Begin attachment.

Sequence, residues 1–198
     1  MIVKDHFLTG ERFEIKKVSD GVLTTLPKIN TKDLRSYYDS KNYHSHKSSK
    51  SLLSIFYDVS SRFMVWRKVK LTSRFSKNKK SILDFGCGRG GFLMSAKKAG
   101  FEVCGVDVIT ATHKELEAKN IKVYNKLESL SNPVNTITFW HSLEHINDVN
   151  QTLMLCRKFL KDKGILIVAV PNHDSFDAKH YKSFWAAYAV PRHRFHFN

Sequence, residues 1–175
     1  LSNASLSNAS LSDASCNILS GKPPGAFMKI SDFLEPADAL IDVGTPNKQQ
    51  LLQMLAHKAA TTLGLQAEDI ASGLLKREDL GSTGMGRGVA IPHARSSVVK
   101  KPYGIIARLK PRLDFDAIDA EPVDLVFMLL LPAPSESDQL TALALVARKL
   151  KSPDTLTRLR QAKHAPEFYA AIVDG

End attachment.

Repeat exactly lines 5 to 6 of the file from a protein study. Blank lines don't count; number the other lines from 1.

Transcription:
   151  QTLMLCRKFL KDKGILIVAV PNHDSFDAKH YKSFWAAYAV PRHRFHFN

Sequence, residues 1–175